Developing nations losing spam battle, report says

Countries with fewer resources are finding themselves overwhelmed as junk mail senders take shelter there, a new OECD report says.

Developing countries are being overwhelmed with spam--a situation that threatens to widen the global digital divide, according to a new report.

Countries like Malaysia, Nepal and Nigeria lack the bandwidth, technical know-how and financial resources to effectively combat junk e-mail, the Organization for Economic Cooperation and Development said in the report, released this week (Click here for PDF).

As a result, Web users in those nations endure more outages and less reliable overall service than people in more developed countries, the Paris-based international economic think tank said.

"Spam is a much more serious issue in developing it is a heavy drain on resources that are scarcer and costlier in developing countries than elsewhere," states the report, which was written by Suresh Ramasubramanian, an OECD advisor and postmaster for

In addition, more spammers are setting up shop in less-developed countries as authorities and Internet service providers in the United States and Europe crack down on them. As ISPs in developing nations harbor more spammers, those providers increasingly land on international "block lists." That jams up e-mail services for their customers--spammers and regular Web users alike.

"Whatever the rationale behind large-scale blocking, it is a fact of life that is all too familiar to most ISPs in developing economies," the report noted.

In countries with a single ISP providing e-mail services, landing on a block list can cut the entire country off from e-mail access. That's just what happened in Costa Rica in a few years ago, when antispam campaign group Spamhaus blocked e-mail from the country for two whole days.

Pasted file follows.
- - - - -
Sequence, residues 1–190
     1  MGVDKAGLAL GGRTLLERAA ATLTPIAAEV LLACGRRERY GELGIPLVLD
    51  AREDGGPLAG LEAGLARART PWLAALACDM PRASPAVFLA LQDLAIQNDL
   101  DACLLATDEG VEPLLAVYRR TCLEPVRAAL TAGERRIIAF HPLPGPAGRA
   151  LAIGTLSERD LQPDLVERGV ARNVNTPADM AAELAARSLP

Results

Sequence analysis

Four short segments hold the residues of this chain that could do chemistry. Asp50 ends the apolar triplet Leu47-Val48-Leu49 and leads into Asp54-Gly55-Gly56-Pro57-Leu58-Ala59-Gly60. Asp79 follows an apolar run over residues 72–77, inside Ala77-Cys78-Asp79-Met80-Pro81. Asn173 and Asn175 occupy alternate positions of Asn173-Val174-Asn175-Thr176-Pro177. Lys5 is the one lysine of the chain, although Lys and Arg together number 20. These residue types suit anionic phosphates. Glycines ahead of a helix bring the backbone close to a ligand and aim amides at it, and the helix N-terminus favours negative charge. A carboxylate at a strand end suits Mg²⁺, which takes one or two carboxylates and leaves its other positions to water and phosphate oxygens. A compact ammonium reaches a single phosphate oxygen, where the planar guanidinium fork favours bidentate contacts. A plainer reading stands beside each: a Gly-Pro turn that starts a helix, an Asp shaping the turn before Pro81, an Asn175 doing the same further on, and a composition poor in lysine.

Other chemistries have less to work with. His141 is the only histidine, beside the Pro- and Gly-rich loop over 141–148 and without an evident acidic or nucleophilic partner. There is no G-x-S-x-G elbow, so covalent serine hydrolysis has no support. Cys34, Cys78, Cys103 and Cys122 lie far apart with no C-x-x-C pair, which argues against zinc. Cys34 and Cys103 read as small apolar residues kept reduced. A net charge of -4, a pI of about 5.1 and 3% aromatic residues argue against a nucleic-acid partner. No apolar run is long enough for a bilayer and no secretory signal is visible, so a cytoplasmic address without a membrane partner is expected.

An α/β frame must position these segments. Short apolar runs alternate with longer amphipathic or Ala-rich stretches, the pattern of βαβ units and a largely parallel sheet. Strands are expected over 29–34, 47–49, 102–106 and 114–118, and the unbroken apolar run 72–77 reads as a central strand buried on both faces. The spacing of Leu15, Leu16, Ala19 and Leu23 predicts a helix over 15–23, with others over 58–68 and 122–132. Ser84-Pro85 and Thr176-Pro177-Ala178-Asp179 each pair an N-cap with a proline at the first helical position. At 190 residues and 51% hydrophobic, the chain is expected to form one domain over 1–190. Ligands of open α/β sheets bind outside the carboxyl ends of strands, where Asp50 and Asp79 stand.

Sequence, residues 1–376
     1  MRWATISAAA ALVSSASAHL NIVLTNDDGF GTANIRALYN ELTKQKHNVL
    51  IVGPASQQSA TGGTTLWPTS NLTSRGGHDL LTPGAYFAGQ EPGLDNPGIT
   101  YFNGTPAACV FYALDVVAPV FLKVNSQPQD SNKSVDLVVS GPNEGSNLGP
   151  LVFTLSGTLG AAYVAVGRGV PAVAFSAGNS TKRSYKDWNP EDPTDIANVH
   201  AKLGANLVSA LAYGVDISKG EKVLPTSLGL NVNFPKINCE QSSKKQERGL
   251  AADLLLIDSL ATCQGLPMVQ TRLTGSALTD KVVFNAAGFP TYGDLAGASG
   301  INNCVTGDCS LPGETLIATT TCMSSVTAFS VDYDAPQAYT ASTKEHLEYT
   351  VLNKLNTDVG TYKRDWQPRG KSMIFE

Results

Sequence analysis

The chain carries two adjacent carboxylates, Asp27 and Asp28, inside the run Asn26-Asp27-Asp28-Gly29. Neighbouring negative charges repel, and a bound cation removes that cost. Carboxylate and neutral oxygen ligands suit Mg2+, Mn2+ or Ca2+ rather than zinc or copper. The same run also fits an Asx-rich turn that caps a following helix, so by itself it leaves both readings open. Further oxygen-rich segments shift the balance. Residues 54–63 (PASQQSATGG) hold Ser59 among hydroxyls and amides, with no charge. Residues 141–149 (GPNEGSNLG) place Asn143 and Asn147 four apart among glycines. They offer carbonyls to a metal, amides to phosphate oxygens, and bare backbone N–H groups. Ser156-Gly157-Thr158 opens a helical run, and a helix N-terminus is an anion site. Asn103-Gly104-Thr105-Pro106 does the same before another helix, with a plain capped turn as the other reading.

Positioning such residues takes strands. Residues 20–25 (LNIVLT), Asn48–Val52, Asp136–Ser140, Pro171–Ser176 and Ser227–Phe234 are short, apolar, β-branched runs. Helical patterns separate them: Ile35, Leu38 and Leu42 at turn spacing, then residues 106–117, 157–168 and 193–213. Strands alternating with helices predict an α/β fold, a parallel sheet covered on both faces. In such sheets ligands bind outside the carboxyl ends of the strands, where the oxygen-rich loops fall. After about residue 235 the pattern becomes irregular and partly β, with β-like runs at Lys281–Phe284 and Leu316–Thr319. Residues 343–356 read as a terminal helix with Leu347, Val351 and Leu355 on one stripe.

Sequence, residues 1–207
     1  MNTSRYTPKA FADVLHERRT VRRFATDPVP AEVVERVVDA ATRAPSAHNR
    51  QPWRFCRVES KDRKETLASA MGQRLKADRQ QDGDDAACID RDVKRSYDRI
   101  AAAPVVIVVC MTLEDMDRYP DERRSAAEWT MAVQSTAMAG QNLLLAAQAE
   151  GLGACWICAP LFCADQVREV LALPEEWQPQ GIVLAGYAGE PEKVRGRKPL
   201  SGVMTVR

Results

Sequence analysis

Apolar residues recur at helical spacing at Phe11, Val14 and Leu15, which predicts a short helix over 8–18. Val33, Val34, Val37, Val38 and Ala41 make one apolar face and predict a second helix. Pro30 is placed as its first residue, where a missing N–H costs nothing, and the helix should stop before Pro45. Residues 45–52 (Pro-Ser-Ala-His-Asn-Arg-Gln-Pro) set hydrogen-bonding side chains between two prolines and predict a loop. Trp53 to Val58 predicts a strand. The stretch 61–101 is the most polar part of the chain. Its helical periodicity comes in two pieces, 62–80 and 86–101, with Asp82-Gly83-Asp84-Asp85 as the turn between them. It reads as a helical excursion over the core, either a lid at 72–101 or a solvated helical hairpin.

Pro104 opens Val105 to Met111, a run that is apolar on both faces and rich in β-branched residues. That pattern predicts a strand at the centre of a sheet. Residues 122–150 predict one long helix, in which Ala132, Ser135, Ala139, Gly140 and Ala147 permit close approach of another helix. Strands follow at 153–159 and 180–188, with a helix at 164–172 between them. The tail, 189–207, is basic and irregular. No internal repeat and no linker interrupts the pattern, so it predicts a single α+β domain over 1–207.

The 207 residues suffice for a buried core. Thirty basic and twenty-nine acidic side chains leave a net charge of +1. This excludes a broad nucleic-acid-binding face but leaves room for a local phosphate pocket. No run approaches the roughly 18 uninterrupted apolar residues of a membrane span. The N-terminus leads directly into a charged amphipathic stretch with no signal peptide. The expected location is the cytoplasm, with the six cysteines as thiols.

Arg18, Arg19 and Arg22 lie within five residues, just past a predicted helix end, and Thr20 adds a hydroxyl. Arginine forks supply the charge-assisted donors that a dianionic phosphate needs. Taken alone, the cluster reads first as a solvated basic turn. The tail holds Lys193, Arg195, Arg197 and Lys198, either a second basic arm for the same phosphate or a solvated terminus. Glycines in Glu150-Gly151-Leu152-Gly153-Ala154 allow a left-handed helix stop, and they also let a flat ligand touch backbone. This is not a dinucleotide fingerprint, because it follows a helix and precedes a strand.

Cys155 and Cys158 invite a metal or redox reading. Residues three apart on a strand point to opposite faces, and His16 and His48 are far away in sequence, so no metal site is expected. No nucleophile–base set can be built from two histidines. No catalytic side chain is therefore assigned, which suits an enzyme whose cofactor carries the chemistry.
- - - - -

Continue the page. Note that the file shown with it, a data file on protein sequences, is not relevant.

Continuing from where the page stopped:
Individuals and businesses in developing countries, as elsewhere, often bear the worst of the spam burden. In addition, many Web users in those places rely on dial-up and pay-per-minute services at cybercafes, making junk e-mail all the more frustrating, the report said.

"All this effort and expense is completely wasted when the user finds that the downloaded e-mails are to a large extent random spam or viruses," the report states.

The OECD report also outlined a number of recommendations to improve the spam situation in developing nations. It urges ISPs in those countries to invest in spam-filter technology or in third-party filtering, and to adopt strong antispam policies.

The group also recommended that countries set up computer emergency response teams to coordinate responses to major incidents and vulnerabilities. It also calls on ISPs around the globe to assist each other in the fight against spam.

This week, the U.S. Federal Trade Commission announced it is linking up with counterparts abroad to combat zombie networks used by spammers. The different agencies plan to put pressure on ISPs to spot offending members and to cut those computers off their networks.

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